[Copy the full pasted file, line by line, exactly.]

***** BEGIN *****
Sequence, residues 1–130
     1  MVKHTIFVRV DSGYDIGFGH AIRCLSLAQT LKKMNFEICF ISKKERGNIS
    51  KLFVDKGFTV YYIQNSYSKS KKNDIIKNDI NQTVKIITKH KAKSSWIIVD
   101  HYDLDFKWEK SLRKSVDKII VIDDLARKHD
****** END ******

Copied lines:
Sequence, residues 1–130
     1  MVKHTIFVRV DSGYDIGFGH AIRCLSLAQT LKKMNFEICF ISKKERGNIS
    51  KLFVDKGFTV YYIQNSYSKS KKNDIIKNDI NQTVKIITKH KAKSSWIIVD
   101  HYDLDFKWEK SLRKSVDKII VIDDLARKHD